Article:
Library makes Congressional Research Service Reports searchable
DENTON (UNT), Texas - Opening a new online archive of Congressional Research Service Reports, the University of North Texas Libraries now provide free public access to the vital information Members of Congress use to make critical policy decisions and establish national laws.
The Web site, available at digital.library.unt.edu/govdocs/crs/, provides integrated, searchable access to many of the full-text CRS reports that have been available since 1990.
According to Arlene Weible, head of the UNT Libraries' Government Documents Department, the database contains both current and older reports, so users can look for a topic of interest today -- such as Social Security Reform -- and see how the issues may have changed over the last several years.
CRS serves as the public policy research arm of U. S. Congress -- working exclusively for members, their committees and staff. Although it does not provide direct public access to the numerous reports it produces each year, Weible said that some U.S. representatives and senators, as well as several non-profit groups, post selected reports on their individual Web sites.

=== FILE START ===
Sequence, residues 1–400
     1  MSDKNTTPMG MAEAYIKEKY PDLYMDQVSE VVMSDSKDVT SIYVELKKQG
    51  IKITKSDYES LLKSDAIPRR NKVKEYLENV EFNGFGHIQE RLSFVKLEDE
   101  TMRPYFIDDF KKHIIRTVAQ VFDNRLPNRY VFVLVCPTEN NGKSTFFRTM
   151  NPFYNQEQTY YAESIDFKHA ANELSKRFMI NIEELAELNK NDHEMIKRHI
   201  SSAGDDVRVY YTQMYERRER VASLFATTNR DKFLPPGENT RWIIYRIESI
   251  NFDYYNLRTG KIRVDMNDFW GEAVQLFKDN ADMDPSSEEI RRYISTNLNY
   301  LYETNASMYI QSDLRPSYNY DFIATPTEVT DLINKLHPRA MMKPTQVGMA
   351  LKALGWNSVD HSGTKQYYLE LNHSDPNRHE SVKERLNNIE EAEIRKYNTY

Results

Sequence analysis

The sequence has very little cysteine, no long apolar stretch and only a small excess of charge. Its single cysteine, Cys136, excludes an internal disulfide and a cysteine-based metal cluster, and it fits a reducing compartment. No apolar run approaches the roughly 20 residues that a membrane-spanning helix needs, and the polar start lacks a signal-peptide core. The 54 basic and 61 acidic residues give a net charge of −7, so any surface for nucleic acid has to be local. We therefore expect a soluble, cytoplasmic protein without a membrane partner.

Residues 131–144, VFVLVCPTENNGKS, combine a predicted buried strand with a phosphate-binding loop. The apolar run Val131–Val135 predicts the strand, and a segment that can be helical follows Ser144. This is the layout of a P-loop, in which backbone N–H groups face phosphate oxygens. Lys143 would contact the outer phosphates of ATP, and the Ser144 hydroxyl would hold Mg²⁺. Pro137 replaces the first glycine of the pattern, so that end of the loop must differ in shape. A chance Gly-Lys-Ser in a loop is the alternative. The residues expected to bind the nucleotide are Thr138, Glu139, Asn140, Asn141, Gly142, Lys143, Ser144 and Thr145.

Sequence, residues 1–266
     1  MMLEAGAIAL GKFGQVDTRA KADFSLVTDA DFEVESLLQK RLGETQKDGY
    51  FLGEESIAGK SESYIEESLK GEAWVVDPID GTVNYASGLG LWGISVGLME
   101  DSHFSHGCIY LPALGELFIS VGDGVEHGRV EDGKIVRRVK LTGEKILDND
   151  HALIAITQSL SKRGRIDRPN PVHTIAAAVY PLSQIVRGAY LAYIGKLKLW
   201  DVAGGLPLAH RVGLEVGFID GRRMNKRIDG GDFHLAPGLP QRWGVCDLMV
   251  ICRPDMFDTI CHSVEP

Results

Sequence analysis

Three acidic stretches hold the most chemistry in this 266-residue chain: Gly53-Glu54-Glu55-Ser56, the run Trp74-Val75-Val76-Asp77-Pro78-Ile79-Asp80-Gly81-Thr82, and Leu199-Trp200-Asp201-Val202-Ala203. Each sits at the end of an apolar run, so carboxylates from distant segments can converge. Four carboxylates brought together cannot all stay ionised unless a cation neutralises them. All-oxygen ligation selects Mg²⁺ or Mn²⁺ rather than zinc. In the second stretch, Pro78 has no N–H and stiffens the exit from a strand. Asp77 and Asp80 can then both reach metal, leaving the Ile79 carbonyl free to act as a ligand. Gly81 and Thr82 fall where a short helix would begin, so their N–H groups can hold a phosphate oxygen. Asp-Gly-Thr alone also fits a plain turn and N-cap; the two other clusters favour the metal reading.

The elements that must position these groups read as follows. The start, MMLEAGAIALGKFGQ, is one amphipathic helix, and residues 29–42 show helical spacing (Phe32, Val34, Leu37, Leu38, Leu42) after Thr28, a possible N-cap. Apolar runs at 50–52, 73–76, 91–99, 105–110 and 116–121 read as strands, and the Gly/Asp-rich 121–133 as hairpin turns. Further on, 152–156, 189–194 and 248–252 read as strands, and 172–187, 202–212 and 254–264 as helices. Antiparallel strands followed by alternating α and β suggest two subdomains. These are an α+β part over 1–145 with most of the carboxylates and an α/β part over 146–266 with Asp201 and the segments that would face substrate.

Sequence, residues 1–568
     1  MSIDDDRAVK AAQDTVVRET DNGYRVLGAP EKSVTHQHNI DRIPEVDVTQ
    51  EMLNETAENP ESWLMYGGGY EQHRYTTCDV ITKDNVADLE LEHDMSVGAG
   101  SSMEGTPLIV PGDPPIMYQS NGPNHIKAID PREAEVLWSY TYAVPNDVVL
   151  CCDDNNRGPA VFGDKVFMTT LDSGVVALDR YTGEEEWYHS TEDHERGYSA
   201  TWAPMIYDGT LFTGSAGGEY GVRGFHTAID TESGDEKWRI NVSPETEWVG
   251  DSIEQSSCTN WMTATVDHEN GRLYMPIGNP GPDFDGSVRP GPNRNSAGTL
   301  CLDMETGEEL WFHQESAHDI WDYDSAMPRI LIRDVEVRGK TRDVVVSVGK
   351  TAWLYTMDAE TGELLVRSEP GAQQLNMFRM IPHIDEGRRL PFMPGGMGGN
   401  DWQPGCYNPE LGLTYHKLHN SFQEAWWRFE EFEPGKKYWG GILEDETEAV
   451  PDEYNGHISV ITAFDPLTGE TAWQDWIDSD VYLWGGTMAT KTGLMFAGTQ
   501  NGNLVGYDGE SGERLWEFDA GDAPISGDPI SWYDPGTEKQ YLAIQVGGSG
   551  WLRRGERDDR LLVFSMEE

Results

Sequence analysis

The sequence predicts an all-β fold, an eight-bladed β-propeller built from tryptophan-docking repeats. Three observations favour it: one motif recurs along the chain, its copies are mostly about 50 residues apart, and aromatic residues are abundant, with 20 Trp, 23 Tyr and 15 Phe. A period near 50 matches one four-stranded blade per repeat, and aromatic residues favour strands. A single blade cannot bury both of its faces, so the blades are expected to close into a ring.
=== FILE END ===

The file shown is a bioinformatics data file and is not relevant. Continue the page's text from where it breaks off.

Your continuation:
"In the past, citizens who wished to study these reports had to request them from their Congressional representatives, but now the UNT archive of CRS reports serves as a one-stop gateway to these vital and valuable resources," Weible said.
In 2002, NewsBank/Readex and the American Library Association's Government Documents Round Table awarded the Catharine J. Reynolds Research Grant Award to UNT Librarians Cathy Nelson Hartman and Valerie D. Glenn to capture electronic copies of CRS reports and make them permanently available without fee to the public.
This new UNT Web site offers users the ability to search the full text of the reports, as well as by title, author, subject and report number. The site also allows users to browse the reports by subject.
The UNT Libraries will continue to add reports as they become available. "We welcome all contributions or notifications of report availability," Weible said.
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